Off topic. My Son takes to pictures at the Star trek Charity convention (Held first weekend of Dec). He took pictures of my wife with Several SciFi actors/actress. My wife does the printing. My son took the VERY last group picture of the original case (Just before Scotty died. He als did a promotion DVD for Micheal Dave Ward who does the Star Trek painting. Asa has two ($13K and $16K) plus a halve dozen cheaper ones.
August 5, 2008 6:37:39 AM

Wisecracker said:
If it were me and I was into FSX the first thing I would look at would be a CrossFire motherboard. If I was really into FSX I would take a very close look at the upcoming AMD 790gx with the sb750.

The new 790gx motherboards will have 2 x PCIe2 x16 slots including an onboard IGP. In a CrossFire configuration (let's say with 2 HD 4850s or 2 HD4870s) you will be able to shut down the multi-card set-up and enable the 'new' ATI SurroundView - which will allow a maximum of 5 monitors.

With a single video card and the AMD IGP you should be able to run up to 4 monitors.

The only question is .... just how big will you go with the monitors? 3 22-inch monitors and an HD 4850 for $170 might be the sweet spot :p 



OMG, multiple monitors lol. I not a diehard FSX fan, I play it at times. I'm into this one more than the past flight simulators because this time, I can actually takeoff, fly, turn, and land without crashing. LoL major accomplishment. I played the very first flight simulator. I don't play FPS's but I will be going back to MMORPG's though.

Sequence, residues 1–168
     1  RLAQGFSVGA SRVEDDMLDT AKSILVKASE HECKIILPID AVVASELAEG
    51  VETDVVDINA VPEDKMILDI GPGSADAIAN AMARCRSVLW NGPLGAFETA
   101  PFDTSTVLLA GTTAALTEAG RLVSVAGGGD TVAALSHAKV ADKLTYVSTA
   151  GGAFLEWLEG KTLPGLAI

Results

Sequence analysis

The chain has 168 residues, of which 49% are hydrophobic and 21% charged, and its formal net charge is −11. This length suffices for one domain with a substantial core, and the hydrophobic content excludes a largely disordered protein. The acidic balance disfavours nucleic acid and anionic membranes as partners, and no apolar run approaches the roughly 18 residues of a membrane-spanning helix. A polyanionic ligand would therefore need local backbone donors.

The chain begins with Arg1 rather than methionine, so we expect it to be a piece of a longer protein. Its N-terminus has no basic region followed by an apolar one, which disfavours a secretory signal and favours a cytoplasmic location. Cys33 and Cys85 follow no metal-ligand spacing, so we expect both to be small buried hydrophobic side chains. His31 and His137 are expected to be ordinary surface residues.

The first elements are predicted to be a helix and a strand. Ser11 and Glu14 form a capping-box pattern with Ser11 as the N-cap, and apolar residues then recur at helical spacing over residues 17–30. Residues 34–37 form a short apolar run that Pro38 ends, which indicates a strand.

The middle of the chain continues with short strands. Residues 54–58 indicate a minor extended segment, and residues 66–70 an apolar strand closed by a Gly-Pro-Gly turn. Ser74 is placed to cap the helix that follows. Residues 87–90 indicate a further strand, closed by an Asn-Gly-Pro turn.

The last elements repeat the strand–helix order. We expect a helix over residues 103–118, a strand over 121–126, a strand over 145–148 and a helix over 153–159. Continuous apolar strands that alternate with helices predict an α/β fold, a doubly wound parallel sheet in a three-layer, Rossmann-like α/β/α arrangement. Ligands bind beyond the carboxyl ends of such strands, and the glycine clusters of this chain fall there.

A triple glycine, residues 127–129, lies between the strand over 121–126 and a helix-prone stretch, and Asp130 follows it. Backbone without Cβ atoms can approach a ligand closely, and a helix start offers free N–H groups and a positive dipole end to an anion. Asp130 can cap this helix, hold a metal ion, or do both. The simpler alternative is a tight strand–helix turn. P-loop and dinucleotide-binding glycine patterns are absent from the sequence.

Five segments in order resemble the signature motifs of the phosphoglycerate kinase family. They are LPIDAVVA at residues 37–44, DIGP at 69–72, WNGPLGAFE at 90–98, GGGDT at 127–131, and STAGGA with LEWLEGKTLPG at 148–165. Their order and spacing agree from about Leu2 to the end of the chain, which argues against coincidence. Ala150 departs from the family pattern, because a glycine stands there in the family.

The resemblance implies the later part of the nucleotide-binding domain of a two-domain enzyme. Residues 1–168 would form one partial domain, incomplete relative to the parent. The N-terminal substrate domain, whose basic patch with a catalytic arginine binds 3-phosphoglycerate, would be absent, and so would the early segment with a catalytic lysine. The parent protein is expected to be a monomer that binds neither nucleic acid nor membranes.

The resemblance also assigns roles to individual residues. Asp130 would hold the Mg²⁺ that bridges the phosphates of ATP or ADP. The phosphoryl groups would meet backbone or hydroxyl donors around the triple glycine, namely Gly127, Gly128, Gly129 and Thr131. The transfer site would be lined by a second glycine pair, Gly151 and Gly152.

a b à CPUs
August 5, 2008 5:54:03 PM

FSX loves CPU speed. I'd wait for Nehalem if you want to run it on high settings.
August 5, 2008 6:03:39 PM

PsyKhiqZero said:
nehalem is said to be about a 11% performance boost per clock which is not alot IMO

90% of the tests ignore that nehalem has a tri-channel memory bus.

As well as other issues with the hardware being in beta.

There are tests that show 20% performance and I'd expect more when testers actually learn how to test the chip.

If you are going to spend 3k+ on a new computer (well, ram, mobo, and cpu), wait for Nehalem. If not, buy a new system now.
a b à CPUs
August 6, 2008 12:05:50 AM

mikeny said:
OMG, multiple monitors lol. I not a diehard FSX fan, I play it at times. I'm into this one more than the past flight simulators because this time, I can actually takeoff, fly, turn, and land without crashing. LoL major accomplishment. I played the very first flight simulator. I don't play FPS's but I will be going back to MMORPG's though.


Sanders Teacher or Link Trainer eh?

http://en.wikipedia.org/wiki/Link_Trainer
a b à CPUs
August 6, 2008 11:54:38 AM

when phenom goes to 45nm, things might change a lot. i have this feeling because i have seen sevarel report (even one by intel) stating k10 archi is a very hard thing to do in 65nm and will face lot of hard barrier. and that that is y intel waitd for 45nm to move to IMC. so am hoping that will solve phenoms issues and let amd stop the intel making the already exsisting monopoly even worse.

plus lack of compitition not only increases price but also slows down progress of devoloping new better chips since there will be no reason for intel to produce 1.
!